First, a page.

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Buddhist publications in India (1908-2008)
by Rohan Lalith Jayetilleke, Daily News (Sri Lanka), Tuesday, December 1, 2009
Buddhism continued to be the dominant religion of Indians for 1,000 years, from the 3rd century BC to the 7th century, and those years were in many ways the grandest in Indian history. Unfortunately, however, Buddhism began to decline in India, and by the end of the 12th century, it had almost disappeared from the land of its birth. Even the name of the Buddha had vanished into oblivion from the memory of Indians. This decline, the historical disaster for the Indians could be adduced to the following reasons:
1. Spiritual decline and factionalism among Buddhists.
The Buddhist revival movement began in India, with the arrival of Anagarika Dharmapala, who came to India in 1891, at the request of Sri Edwin Arnold (author of Light of Asia) who met him at the Rankoth Vihara, Panadura, Sri Lanka. In 1891 he formed the Maha Bodhi Society in Colombo, with him as the general secretary and Most Venerable Hikkaduwe Sri Sumangala Maha Thera, as the president to launch his movement to rest the control of Buddha Gaya from the total control of Hindu priest Mahant.
To facilitate his activities, with the British government he`shifted the headquarters of the society to Calcutta (now Kolkata) the then capital of British India in 1893. In 1915, he had the society registered under the Indian Companies Ordinance, with he himself as the General Secretary and Sir Asutosh Mukherjee, the Vice Chancellor of the Calcutta University as the president. The activities of the society inspired some broadminded Indians turned their attention to their dead great Buddhist culture and civilisation.
The first important book on Buddhism to be published by an Indian scholar after the beginning of the revival movement initiated by Anagarika Dharmapala in 1891 was ‘Essence of Buddhism’ by Professor P. Lakshmi Narasu of Madras (Chennai, Tamil Nadu). It was published in 1906 with an introduction by Anagarika Dharmapala. The publication was financed by Anagarika Dharmapala, who was the son of the richest furniture dealer in Sri Lanka H. Don Carolis. Prof. Narasu published a revised edition at his cost in India in 1911.
Thirty seven years later Dr. B. R. Ambedkar, the great Buddhist revivalist of India in the mid 20th century,” was so inspired by this book that he arranged to publish the third edition of it in India in 1948, with a foreword by him and recommended the book to his followers of Maharashtra who embraced Buddhism in millions in 1956, the year of the 2500th Buddha Jayanthi.
The first book to be published in India itself, as the first was published at Colombo, Sri Lanka was ‘Civilisation in the Buddhist Age; BC 320 to AD 500’ by Romesh C. Dutt, an Indian Civil Service Officer (British service).
To commemorate the long history of Buddhist publications in India, although the Indian Buddhist population is presently only one percent of the total population of 1.5 billion and the Hindus aggregating to 84.6 percent, and eclipsing Hinduism by Buddhism is never a possibility in India, as Hindus venerate the Buddha conceptualising him to be the ninth incarnation of God Vishnu and God Vishnu’s 10th incarnation as the future Buddha, Maithreya.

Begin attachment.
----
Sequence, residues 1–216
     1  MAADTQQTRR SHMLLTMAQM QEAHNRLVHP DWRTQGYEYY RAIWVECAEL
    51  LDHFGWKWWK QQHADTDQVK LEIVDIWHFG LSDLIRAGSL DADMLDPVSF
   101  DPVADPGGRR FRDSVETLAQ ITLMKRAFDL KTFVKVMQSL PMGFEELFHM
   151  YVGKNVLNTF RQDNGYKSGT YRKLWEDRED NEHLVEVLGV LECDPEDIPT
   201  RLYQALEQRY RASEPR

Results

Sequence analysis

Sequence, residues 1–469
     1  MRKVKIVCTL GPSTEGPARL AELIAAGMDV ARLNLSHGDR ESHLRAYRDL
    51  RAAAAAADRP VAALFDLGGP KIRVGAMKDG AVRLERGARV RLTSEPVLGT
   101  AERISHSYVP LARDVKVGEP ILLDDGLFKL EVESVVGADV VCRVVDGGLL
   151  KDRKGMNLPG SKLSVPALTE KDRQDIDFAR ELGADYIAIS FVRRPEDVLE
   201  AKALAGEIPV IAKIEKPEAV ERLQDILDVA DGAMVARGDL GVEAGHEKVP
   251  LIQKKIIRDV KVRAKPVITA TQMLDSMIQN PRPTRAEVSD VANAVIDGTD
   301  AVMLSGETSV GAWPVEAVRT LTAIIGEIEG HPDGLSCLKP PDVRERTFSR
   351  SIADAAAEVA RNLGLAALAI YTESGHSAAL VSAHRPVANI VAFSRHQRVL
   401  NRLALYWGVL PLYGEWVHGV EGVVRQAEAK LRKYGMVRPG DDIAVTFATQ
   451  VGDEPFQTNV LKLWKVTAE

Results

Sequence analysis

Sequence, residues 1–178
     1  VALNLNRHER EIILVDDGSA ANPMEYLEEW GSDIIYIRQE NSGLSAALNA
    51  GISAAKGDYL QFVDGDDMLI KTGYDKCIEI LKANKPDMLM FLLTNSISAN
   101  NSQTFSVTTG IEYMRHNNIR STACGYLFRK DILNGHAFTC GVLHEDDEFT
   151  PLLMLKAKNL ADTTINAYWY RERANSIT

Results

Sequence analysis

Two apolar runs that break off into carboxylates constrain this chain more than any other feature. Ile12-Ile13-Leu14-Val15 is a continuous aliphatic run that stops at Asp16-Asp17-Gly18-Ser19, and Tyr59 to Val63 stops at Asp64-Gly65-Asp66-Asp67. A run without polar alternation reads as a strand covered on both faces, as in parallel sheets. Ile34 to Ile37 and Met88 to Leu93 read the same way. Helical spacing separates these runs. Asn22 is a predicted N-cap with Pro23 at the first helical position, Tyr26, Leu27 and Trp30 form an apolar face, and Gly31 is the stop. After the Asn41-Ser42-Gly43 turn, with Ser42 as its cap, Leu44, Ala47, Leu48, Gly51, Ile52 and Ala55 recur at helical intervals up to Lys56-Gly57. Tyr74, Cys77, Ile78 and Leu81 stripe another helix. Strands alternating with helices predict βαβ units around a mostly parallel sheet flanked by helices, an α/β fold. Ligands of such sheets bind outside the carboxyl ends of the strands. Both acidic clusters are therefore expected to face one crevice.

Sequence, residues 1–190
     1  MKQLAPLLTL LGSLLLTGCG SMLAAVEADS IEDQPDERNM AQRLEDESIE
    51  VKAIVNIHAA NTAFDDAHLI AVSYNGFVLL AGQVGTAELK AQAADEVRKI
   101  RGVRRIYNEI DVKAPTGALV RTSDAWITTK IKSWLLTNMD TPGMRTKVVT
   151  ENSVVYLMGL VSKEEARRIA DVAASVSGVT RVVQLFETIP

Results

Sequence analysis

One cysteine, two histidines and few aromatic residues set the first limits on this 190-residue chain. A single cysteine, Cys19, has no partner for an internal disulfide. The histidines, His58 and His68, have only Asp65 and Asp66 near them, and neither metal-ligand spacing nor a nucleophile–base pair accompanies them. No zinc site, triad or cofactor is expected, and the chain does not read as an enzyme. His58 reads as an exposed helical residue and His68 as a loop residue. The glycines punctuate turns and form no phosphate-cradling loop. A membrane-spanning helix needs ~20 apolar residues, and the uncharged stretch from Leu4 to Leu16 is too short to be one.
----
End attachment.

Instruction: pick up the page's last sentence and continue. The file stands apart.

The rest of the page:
This attempt is to document the books published in English, Hindi and other State languages of India by Indian authors during the period 1908-2008, for the benefit of the Sri Lankan readers, as there are no such studies conducted by Sri Lankan writers in respect of India.
In the survey of Buddhist publication in India, one could classify them under seven categories:
1. Pali Tipitaka in Devanagari.
Pali Tipitaka in Devanagari
In the days of yore in India, literary treasures of Buddhism, like the Vedas of Hinduism, were primarily passed on from one generation to the others through recollection and the treasuries of Buddhism were the monasteries and of Veda, the shrines or abodes of the Brahmins. When Buddhism declined in India, the monasteries which were ornamented with gold and silver images and other religious artifacts were vandalized and Buddhist literature was systematically destroyed by the enemies of Buddhism.
The best example is the setting ablaze of Nalanda Maha Vihara (University) with multi-towered libraries by the Muslim invaders in the 12th century and the raging fire continued for over seven months. The Bhikkhu students, 15,000 in number and Bhikku teachers 1,500 in number were destroyed and cartloads of treasures were taken by the Turkish Muslims to Afghanistan.
However, fortunately, the Pali scriptures were preserved carefully in Sri Lanka and Myanmar (Burma) after it was introduced to these two countries by Arahath Mahinda, son of King Asoka of India in the 3rd century to Sri Lanka and to Myanmar by Arahaths Sona and Uttata, the Buddhist missionaries of the third Buddhist Council held at Pataliputra (modern Patna capital of Bihar State), the capital of the Maruya Empire of the 3rd century BC, and the capital of the Magadha kingdom in the 6th century BC under King Ajatasattu.
The Sanskrit Buddhist literature of Mahayana Buddhism, that arose 100 years after the demise of the Buddha, in a Buddhist Council held at Vaishali, under the patronage of King Kalasoka, which saw the division of original Buddhism to around 14 sects and finally dichotomizing to two main sects, Sthaviravada (Theravada) and Mahasanghika (Mahayana) and in Tibet Lamaism.
Hence, whatever Pali and Sanskrit Buddhist literature now in India has come to the Indians from the neighbouring countries.
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